Bell was discouraged and then later inspired by his unsuccessful attempts to obtain different internship and job opportunities in the past. The Georgia State senior and his team built Be Excellent around the goal of helping students that struggle to show potential employers their unique value through a mere, one-page document.
“It’s more about telling the journey that the individual student goes through to get to the end goal, which is being successful,” Bell said.
About two years ago, Bell’s roommate mentioned a business competition held on campus and convinced him to attend. Soon after, Bell began writing up his first business model. Unfortunately, he started too late and was unable to participate in the competition that year, but Bell continued to lay the groundwork for Be Excellent nonetheless.
This is when Bell started to write and make decisions about what kind of business he could create — one that actually tells the student’s story and personality in relation to a potential job. He took all of his hardships and the struggles he endured and used them to find a way to build them into something that allows everyone to create and share their own values. Bell found a way to show job recruiters what they have not been able to see in the past.
The ambitious and hard-working Be Excellent creator gives a lot of credit to his friends and the J. Mack Robinson College of Business department leaders for their honest feedback.
Bell said the criticism was especially helpful when he finished his executive summary. He wanted a trustworthy assessment of his work before he continued with the rest of his business plan. He took his executive summary to his teachers and certain department leaders and asked for their opinions during his creative process.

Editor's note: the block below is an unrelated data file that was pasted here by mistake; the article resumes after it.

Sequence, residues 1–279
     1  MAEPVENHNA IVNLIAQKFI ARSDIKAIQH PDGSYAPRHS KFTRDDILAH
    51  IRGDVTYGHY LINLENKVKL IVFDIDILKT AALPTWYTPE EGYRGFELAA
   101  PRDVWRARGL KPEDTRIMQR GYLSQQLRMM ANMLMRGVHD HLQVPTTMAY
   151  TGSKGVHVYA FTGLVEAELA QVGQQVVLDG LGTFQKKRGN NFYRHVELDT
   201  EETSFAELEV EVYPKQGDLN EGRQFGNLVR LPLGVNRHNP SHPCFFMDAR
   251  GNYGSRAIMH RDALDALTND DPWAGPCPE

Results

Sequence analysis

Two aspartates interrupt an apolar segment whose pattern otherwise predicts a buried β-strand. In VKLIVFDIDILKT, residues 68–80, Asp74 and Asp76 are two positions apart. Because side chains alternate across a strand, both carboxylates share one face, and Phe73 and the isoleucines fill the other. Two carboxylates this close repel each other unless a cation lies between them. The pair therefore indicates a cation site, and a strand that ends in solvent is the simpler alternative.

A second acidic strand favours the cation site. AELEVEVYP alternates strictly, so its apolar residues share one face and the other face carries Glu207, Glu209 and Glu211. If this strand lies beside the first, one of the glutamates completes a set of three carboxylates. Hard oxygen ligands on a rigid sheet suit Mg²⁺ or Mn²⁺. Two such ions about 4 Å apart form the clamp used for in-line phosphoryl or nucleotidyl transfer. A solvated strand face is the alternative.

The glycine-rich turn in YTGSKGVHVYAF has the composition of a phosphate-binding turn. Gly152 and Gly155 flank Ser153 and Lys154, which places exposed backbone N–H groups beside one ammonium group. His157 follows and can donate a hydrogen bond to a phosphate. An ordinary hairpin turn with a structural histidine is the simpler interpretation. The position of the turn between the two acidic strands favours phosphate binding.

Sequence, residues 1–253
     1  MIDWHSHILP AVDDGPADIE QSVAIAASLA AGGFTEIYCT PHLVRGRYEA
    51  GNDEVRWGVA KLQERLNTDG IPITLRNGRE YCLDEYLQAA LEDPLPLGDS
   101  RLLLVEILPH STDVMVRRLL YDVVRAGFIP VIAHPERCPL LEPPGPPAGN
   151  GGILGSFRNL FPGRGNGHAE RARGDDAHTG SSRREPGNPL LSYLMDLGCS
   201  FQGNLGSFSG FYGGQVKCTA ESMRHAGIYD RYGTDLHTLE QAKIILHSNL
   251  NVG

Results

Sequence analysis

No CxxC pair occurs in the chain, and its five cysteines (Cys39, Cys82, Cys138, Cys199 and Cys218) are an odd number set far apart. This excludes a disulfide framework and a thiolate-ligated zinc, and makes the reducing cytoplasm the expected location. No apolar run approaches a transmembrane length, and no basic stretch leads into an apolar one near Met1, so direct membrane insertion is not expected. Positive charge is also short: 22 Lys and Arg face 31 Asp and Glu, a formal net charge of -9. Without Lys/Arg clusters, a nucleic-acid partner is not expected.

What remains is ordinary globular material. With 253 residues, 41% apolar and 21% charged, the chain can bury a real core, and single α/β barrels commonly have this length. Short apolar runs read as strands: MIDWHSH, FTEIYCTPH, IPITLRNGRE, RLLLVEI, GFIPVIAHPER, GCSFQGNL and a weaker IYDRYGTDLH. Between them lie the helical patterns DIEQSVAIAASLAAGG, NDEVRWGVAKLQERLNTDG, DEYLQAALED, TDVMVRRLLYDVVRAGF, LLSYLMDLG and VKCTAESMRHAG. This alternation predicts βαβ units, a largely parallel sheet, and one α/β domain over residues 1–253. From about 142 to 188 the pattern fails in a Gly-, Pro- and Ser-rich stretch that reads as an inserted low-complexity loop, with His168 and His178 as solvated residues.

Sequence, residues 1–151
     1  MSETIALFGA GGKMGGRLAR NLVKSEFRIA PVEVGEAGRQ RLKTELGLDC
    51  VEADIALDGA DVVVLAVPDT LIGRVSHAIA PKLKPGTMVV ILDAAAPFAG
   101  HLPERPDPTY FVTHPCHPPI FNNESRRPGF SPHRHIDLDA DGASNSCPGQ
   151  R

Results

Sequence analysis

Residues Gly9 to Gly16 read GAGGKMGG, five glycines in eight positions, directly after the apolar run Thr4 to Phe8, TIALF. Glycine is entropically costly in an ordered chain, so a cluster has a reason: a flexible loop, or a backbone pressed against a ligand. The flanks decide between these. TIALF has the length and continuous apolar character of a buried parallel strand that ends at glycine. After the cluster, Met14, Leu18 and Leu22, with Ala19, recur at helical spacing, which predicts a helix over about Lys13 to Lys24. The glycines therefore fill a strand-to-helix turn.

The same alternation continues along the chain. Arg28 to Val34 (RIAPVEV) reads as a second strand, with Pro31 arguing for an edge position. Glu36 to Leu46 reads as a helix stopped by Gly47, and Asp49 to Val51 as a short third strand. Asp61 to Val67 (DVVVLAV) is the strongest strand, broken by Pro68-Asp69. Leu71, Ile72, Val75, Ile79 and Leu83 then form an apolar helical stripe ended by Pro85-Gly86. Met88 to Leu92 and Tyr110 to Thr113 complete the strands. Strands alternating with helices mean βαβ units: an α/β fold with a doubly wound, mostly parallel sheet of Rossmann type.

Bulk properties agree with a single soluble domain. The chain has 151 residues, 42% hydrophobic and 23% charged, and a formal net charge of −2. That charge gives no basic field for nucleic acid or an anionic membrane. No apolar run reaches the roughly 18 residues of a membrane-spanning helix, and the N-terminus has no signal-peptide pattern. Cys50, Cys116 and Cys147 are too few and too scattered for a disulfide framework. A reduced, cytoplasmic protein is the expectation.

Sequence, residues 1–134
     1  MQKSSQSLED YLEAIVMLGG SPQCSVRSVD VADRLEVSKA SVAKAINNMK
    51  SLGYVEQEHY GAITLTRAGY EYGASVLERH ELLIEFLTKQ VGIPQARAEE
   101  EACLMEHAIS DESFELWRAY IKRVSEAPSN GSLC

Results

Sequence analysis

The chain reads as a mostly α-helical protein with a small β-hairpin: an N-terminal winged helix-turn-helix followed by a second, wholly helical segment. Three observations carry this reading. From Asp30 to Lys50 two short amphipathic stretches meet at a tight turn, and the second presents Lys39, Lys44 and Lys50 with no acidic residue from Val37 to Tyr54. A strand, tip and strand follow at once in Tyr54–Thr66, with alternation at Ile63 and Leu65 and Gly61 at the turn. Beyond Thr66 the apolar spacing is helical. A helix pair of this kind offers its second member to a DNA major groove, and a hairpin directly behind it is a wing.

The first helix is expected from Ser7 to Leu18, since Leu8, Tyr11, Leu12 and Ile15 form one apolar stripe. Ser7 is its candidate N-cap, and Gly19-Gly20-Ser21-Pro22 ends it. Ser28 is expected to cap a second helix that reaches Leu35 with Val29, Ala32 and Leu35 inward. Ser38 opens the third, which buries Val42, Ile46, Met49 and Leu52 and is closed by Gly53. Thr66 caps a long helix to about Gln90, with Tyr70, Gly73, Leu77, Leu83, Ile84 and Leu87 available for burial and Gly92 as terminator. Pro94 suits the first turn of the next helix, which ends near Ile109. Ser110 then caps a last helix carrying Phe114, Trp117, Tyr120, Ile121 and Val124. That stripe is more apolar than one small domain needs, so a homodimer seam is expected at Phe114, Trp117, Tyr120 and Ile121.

“Is this good? Is this idea good?” Bell said to them. “Don’t hold back…Let me know because I don’t want to do anything I’m unsure of.”
Bell said that an institution at Georgia Tech was also incredibly helpful to his success. The Advanced Technology Development Center holds lessons that teach students how to build start-ups, taught by people who run various successful companies.
“I walked up there from the Commons every Tuesday and Thursday when they had sessions and did my thing,” Bell said.
He also said that Google and YouTube were vital to his success thus far and that many people take these resources for granted.
“You can get a lot done on Google and YouTube. Most of the time [they have] everything you need,” Bell said. “You really have to utilize every resource you have.”
Be Excellent illustrates the student perspective and provides a deeper look at the undergrad decision-making process. The app facilitates the student’s success with innovative features.
- Personalization of a resume through video
- Easy set- up
- Direct access to the recruiter
The challenge of identifying a career path and having the fundamental skillset for that career is crucial for success. Be Excellent strives to show students the beauty of that challenging process: the success that follows thereafter.